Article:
WOLFFE: Well, both of them have a certain hubris attached to them. So, I guess, there is an assertion of being the boss which is similar but, I think there's a big difference between setting an overall policy strategy, the vision, as the president-elect called it, and being a man of action, a self-styled decider, someone who is constantly making decisions without the follow-through to make sure those decisions are either well-planned and or executed appropriately. And that's the decider concept that the president had which has taken us into Iraq and many other dead-ends of policy.

OLBERMANN: And looking forward, on Monday next, the president-elect will announce his national security team. Is that expected to include the name of the secretary of state?

WOLFFE: Yes, it is. And it seems like it's a done deal, that it will be, indeed, Senator Clinton, and other members of the national security team, likely to be James Jones, a former marine general, as national security advisor. I think you're going to see a number of announcements next week on that foreign policy front.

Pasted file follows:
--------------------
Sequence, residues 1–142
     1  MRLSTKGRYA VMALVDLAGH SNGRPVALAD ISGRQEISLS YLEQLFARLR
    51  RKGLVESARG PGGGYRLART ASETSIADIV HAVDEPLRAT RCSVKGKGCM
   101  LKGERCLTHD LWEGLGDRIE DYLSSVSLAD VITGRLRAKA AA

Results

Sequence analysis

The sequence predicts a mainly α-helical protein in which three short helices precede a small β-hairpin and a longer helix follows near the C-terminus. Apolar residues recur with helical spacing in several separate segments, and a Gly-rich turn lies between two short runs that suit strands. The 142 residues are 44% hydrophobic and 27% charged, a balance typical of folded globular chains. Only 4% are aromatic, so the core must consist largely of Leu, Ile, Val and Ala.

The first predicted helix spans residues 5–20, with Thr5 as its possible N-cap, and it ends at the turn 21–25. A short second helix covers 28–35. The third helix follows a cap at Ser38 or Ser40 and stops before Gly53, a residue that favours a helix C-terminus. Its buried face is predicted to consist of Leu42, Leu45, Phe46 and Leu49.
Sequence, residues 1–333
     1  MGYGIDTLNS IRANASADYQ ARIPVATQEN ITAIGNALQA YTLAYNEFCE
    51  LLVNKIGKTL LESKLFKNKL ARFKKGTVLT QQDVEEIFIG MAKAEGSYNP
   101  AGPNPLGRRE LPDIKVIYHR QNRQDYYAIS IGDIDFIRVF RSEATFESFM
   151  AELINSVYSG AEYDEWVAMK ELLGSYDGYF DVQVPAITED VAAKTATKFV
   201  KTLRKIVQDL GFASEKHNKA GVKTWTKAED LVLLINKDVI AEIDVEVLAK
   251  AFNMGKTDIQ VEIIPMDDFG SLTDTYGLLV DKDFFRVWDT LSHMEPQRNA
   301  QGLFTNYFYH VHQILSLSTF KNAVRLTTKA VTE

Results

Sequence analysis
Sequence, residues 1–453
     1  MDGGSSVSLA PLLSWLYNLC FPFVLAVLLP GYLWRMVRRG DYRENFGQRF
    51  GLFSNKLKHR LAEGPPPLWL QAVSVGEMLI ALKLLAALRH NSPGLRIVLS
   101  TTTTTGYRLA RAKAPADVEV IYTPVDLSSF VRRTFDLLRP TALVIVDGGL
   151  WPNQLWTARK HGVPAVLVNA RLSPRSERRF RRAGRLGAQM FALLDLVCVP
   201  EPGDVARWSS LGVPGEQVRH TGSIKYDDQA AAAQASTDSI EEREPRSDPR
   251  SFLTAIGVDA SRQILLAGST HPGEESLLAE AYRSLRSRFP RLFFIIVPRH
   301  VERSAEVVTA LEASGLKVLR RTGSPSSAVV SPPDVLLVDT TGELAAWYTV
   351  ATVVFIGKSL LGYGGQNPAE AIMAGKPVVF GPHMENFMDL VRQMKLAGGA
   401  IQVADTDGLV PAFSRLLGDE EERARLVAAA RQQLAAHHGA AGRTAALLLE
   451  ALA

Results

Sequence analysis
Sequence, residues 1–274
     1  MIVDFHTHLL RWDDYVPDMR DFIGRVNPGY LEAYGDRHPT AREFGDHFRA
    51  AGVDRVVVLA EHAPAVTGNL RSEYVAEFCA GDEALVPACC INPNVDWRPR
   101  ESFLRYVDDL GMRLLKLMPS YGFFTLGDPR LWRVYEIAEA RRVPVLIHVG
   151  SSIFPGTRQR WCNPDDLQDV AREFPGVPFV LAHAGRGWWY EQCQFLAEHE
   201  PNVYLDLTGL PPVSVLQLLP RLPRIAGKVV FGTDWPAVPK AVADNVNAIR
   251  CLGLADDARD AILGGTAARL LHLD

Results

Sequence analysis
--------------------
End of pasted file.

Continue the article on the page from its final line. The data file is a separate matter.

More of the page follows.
OLBERMANN: Is there anything else, any surprises in there that you're aware of?

WOLFFE: Well, I think the key thing to look out for here are some of these deputy positions, see whether they get rolled out as well, because that's going to decide, in many ways, the overall direction of foreign policy and whether there is this change that we have been promised.

OLBERMANN: Richard Wolffe of MSNBC and "Newsweek"- as always, great thanks. Happy Thanksgiving.

WOLFFE: And to you, Keith.

OLBERMANN: For more on what the Bush administration did to get the economy in the dire condition it is in, let's turn now to our own Jonathan Alter, also, of course, senior editor at "Newsweek" magazine. Good evening, Jon.


OLBERMANN: Do we have any better sense tonight about Obama's assertions during the campaign that this mess was no accident? That this was conservative policy plus Bush negligence?